“It will mean the state is not collecting as much money from them as it would have been had we not made these changes,” Gov. Nathan Deal told The Atlanta Journal-Constitution on Monday.
Administration officials said their bill would cut the estimated windfall by 75 percent over five years and all but eliminate it this year.
Lt. Gov. Casey Cagle, who is running this year to replace the retiring Deal, said, “I look forward to reviewing Governor Deal’s proposal and working with him to give hardworking Georgia families the tax cut they deserve.
“Ultimately, I’m committed to moving forward with comprehensive tax reform that will — at a minimum — return every surplus dollar collected back to Georgia taxpayers.”
“My criteria have been, let’s make sure we don’t jeopardize state revenue by getting carried away (with tax cuts) because there is going to be a windfall,” Deal said. “Let’s do it in a very select way, let’s make sure the benefits we convey in a tax reform are benefits we can sustain over a long period of time.”
Under the Gold Dome
Both chambers of the General Assembly convene at 10 AM today for Legislative Day 21.
LEGISLATIVE COMMITTEE MEETING SCHEDULE
8:30 AM SENATE VETERANS, MILITARY & HOMELAND SECURITY 310 CLOB
9:00 AM HOUSE RULES 341 CAP
Upon Adjournment SENATE RULES450 CAP
1:00 PM SENATE PUBLIC SAFETY MEZZ 1
1:00 PM INSURANCE AND LABOR 310 CLOB
1:00 PM House Reeves Sub Judy (Non Civil) 132 CAP
1:00 PM HOUSE Education Sub Academic Support 415 CLOB
1:00 PM HOUSE State Govt Admin Subc Govtal Affairs 406 CLOB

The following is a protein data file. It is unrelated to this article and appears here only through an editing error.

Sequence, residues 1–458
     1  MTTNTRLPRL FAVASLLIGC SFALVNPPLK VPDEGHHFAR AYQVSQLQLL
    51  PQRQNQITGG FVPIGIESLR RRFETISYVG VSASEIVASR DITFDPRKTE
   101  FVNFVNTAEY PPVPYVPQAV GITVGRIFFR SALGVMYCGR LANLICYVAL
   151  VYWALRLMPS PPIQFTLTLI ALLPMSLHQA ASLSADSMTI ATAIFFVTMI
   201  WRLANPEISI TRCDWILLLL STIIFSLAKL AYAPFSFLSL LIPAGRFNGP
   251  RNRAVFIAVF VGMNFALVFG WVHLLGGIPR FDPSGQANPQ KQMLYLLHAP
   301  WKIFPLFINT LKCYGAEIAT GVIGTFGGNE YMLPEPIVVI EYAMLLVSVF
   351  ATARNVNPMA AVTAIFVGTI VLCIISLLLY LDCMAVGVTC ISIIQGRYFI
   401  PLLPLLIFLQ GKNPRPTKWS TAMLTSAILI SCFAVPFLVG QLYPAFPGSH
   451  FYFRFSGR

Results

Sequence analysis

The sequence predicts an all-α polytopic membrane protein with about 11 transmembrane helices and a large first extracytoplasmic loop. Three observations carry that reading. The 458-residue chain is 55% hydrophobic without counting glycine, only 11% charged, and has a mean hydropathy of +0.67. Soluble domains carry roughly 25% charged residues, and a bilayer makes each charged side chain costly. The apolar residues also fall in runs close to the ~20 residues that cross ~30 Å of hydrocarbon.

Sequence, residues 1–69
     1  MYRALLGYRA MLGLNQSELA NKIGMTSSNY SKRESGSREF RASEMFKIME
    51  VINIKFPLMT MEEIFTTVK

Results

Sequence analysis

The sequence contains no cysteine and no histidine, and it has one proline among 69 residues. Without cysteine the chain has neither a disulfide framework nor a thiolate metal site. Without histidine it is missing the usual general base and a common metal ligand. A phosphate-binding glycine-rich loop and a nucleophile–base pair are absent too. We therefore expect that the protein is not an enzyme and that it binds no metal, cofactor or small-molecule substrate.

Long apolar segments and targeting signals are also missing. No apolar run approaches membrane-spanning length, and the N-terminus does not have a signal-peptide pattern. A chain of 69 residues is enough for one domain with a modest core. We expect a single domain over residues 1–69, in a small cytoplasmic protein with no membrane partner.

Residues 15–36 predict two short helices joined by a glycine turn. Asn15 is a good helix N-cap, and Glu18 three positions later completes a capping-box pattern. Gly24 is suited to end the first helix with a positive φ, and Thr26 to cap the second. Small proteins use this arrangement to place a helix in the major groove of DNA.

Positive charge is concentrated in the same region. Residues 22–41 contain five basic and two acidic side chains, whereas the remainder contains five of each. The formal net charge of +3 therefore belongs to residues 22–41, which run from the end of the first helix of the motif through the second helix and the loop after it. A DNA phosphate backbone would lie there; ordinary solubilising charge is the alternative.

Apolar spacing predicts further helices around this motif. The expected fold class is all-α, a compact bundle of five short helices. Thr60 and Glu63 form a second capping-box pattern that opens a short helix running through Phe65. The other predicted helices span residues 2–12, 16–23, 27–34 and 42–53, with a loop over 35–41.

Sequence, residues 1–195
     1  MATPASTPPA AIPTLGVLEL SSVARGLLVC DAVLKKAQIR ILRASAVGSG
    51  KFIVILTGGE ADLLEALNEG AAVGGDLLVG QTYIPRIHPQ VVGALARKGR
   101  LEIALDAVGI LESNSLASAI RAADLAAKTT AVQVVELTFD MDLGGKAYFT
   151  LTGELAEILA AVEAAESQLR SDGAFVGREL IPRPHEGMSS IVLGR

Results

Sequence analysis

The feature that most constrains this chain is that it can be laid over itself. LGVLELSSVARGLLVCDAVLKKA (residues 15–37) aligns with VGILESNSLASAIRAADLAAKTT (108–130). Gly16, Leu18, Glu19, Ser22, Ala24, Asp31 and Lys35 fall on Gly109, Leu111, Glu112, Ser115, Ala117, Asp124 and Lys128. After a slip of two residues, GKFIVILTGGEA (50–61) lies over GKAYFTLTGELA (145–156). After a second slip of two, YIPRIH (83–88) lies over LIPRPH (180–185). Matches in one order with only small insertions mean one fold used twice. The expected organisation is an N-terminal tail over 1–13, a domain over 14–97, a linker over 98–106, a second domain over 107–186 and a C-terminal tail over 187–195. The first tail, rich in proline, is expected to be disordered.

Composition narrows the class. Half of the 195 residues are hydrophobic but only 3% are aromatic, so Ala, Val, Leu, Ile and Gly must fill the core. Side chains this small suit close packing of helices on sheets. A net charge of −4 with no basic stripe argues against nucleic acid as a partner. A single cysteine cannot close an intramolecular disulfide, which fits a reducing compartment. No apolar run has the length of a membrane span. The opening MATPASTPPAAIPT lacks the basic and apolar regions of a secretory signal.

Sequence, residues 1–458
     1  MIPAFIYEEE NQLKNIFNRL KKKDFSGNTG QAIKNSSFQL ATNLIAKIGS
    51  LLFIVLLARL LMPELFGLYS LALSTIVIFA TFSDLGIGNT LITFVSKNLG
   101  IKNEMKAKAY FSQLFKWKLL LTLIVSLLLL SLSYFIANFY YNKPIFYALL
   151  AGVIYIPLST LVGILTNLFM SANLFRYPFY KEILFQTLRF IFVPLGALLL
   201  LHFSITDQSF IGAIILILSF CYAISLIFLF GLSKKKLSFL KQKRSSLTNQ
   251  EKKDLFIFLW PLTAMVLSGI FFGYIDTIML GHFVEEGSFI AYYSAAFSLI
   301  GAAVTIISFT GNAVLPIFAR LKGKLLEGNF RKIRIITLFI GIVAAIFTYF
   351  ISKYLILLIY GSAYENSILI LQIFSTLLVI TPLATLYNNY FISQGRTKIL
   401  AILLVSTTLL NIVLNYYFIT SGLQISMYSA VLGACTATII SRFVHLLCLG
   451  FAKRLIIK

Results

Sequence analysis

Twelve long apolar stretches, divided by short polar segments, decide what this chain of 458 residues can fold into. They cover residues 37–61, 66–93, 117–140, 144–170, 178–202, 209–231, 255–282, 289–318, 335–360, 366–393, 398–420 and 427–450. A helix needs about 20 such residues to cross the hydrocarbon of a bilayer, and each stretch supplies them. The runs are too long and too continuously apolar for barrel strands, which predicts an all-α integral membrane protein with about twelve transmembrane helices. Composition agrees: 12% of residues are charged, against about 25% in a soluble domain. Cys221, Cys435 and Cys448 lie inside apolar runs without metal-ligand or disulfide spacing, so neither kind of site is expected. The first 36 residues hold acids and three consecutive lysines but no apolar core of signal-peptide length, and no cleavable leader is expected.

1:00 PM HOUSE AGRICULTURE & CONSUMER AFFAIRS 403 CAP
2:00 PM DOT ELECTIONS -DISTRICT 10 SENATE CHAMBER
2:00 PM SENATE TRANSPORTATION 310 CLOB
2:00 PM HOUSE APPROP HIGHER ED 341 CAP
2:00 PM House Ways & Means Income Tax Sub 133 CAP
2:00 PM House Kelley Sub Judy (Civil) 403 CAP
2:00 PM HOUSE BUDGET AND FISCAL AFFAIRS OVERSIGHT 506 CLOB
2:00 PM HOUSE RETIREMENT 515 CLOB
2:15 PM HOUSE GOVERNMENTAL AFFAIRS 406 CLOB
3:00 PM SENATE FINANCE MEZZ 1
3:00 PM SENATE EDUCATION & YOUTH 450 CAP
3:00 PM HOUSE PUBLIC SAFETY 606 CLOB
3:00 PM House Setzler Sub Judy (Non Civil) 132 CAP
3:00 PM House Ways & Means Sub Public Finance and Policy 133 CAP
4:00 PM SENATE JUDY SUB COMMITTEE B 307 CLOB
4:00 PM DOT ELECTIONS -DISTRICT 9 SENATE CHAMBER
4:00 PM DOT ELECTIONS- DISTRICT 14 SENATE CHAMBER
4:00 PM House Fleming Sub Judy (Civil) 132 CAP
4:00 PM HOUSE APPROP PUBLIC SAFETY 406 CLOB
SENATE RULES CALENDAR
SB 107 – Ethics in Government; filing campaign financial disclosure reports; additional date prior to general primary; revise the dates (Substitute) (ETHICS-40th)
SB 248 – Life Insurance; life insurers’ requirement to review the National Association of Insurance Commissioners life insurance policy locator; provide (Substitute) (I&L-16th)
SB 348 – Technical College System of Georgia; powers of arrest of campus policemen who are regular employees; revise (PUB SAF-7th)
SB 367 – Payment of Indemnification for Death or Disability; option of payment to an estate in the case of death; law enforcement officer; firefighter; emergency medical technician, emergency management specialist, state highway employee or prison guard; provide (PUB SAF-13th)
SB 368 – Criminal Justice Coordinating Council; functions and authority; add (PUB SAF-13th)
SB 369 – Revenues Collected from Fines and Fees; payments to Peace Officers’ Annuity and Benefit Fund; fees collected in criminal and quasi-criminal cases prior to adjudication of guilt; provide (Substitute) (PUB SAF-13th)
SB 366 – Local Government; counties and municipal corporations to perform wage and compensation studies for employees of sheriff’s office; require
HOUSE RULES CALENDAR
HR 898 Joint Study Committee on the Establishment of a State Accreditation Process; create (Ed-Coleman-97th)
Modified Open Rule
HB 190 – Domestic relations; marriage articles and antenuptial agreements; change provisions (Substitute)(Judy-Hanson-80th)